Furthermore, oral administration of melatonin (10 or 100 mg/kg body weight) has been shown to prevent the disruption of hepatic antioxidant status in cholestatic rats by its direct and indirect antioxidant action (70). Similarly, a protective role of melatonin against cholestatic oxidative stress has been demonstrated in BDL rats (71). Moreover, melatonin reduced the negative parameters of cholestasis, the degree of oxidative stress and provided a hepatoprotective effect against BDL-induced liver damage (72). Similarly, a protective effect of melatonin against oxidative stress induced by BDL was also described in a different study (73). Consistent with beneficial effect of melatonin on liver function, melatonin has been shown to attenuate oxidative stress, lessen liver damage, and improve liver histology in rats with high fat diet-induced non-alcoholic fatty liver disease (NAFLD), when given simultaneously with the diet (74). Recent studies have demonstrated that chronic melatonin administration protects against liver damage by attenuating oxidative stress, inflammatory responses, and apoptosis in animal models of hepatic cirrhosis and fibrosis (75-78). Melatonin has also been shown to improve oxidative damage and rat liver mitochondrial dysfunction during hyperglycemia-induced liver injury (79,80). The data suggests that melatonin may be an important nutritional supplement for diabetic patients.
Melatonin has also been shown to display a hepatoprotective effect against liver injury secondary to methanol intoxication (81). Another study has shown that liver mitochondrial damage (following acute or chronic CCl4-induced intoxication) was improved by melatonin and cranberry flavonoids (82). Another interesting study has shown that administration of melatonin before and after irradiation reduces liver damage caused by gamma irradiation (83). The protective effect of melatonin on liver function has also been demonstrated during ethanol administration. For example, melatonin reduces alcoholic liver injury by reducing oxidative stress, inflammatory response, and apoptosis (75). In support of these concepts, a study has demonstrated a protective role for melatonin during ischemia reperfusion (I/R) hepatic damage by maintaining preventing activation of apoptotic cell death (84,85). Another study has shown that melatonin protection against I/R occurred by inhibition of toll-like receptor signaling pathway (86). Another study has shown that melatonin protects from I/R induced injury by inhibition of IκB kinase (IKK) and c-Jun NH2-terminal kinase (JNK) pathways and modification of cell proliferation (87). Melatonin can also improve liver function and hepatic perfusion after hemorrhagic shock (88). The protective role of melatonin has been also observed in rats treated with CCl4. In fact, the study showed that except for mild hydropic degeneration of the hepatocytes, a normal lobular appearance was seen in the animals treated with melatonin (89). Moreover, melatonin has been shown to play a role as potential anti-aging agent (90,91). For example, has been shown to restore hepatic mitochondrial physiology in old mice (90). The finding suggests that melatonin may be useful to reduce the deteriorative oxidative changes in mitochondria that normally occur in advanced age. Also, the hepatic mitochondrial respiratory chain activity observed in senescence-accelerated mice was improved by melatonin treatment (91). Some of the effects of melatonin on liver damage are summarized in Table 2.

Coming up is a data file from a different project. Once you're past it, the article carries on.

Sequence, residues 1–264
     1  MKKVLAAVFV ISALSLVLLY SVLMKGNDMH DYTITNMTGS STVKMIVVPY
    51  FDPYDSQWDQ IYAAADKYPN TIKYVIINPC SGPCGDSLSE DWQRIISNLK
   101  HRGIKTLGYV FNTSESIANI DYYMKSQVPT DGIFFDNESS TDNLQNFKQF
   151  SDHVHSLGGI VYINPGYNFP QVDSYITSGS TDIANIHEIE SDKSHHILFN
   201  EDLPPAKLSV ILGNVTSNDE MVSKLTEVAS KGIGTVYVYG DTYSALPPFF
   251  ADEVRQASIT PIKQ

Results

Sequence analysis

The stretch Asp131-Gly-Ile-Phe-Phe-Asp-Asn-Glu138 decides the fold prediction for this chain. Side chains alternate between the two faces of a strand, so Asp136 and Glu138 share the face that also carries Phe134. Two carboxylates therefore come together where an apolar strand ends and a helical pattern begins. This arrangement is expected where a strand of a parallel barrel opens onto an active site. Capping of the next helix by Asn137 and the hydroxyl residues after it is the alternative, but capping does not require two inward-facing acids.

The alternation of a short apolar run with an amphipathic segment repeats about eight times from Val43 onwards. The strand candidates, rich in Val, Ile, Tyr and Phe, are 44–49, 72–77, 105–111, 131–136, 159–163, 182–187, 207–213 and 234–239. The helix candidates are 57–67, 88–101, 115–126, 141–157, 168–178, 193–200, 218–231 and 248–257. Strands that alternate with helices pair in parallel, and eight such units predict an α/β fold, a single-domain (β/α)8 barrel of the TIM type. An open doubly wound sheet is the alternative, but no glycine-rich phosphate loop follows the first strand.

Summary and future perspectives
In summary, we have, following a general background on anatomical features of the biliary epithelium, discussed the vascularization of bile ducts followed by a general discussion on the secretory and proliferative response of the biliary tree with regarding to their heterogeneous profile. After a general background on melatonin synthesis, distribution and metabolism, we discuss the role of melatonin on biliary hyperplastic and neoplastic growth followed by a summary of the findings related to the protective role of melatonin against liver damage induced by a number of pathological insults. Further studies are necessary to evaluate the role of melatonin in the regulation of CLOCK genes and the role of CLOCK genes in the modulation of biliary functions.
Portions of this review were supported by the Dr. Nicholas C. Hightower Centennial Chair of Gastroenterology from Scott & White Hospital, and a NIH grant DK062975 to Dr. Alpini and Glaser.
Disclosure: The authors declare no conflict of interest.